On the Road with John Bunyan

Louis Markos | March 14, 2016

Editors’ note: Taking the advice of C. S. Lewis, we want to help our readers “keep the clean sea breeze of the centuries blowing through our minds,” which, as he argued, “can be done only by reading old books.” In this new series we want to survey some forgotten Christian classics. We invited Louis Markos—professor of English at Houston Baptist University—to reflect on John Bunyan’s Pilgrim’s Progress (1678). While this classic is well known—the most famous after the Bible—we would argue that it isn’t as well read, hence its inclusion in this series.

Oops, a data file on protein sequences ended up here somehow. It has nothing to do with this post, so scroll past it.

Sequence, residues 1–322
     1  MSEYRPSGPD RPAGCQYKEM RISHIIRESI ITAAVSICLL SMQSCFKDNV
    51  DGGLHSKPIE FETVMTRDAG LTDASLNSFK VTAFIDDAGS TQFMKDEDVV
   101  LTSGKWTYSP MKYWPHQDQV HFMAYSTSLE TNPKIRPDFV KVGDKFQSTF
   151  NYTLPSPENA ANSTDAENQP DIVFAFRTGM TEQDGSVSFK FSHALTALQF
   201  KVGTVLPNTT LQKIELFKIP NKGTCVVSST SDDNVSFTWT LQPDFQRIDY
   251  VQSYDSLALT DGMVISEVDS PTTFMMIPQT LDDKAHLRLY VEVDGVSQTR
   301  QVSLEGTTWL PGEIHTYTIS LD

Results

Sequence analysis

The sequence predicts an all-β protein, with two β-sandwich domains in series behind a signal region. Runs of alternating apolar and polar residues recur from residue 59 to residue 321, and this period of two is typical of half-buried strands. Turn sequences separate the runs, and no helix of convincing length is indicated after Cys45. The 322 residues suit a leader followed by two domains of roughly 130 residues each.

Previously in the series:

My favorite metaphor for life has always been that of the road. Indeed, the problem with the phrase “Life is like a road” is that the word “like” has no business in the phrase. Life is a road, and we are pilgrims on it. We are Odysseus and Aeneas and Dante and Don Quixote and Huck Finn and Bilbo Baggins and that motley crew that joins Chaucer on the long road to Canterbury.

By the time I discovered Pilgrim’s Progress, I’d already been convinced of my status as a pilgrim, as a sojourner on this earth. What John Bunyan…

To read the rest of this article, visit https://www.thegospelcoalition.org/article/on-the-road-with-john-bunyan.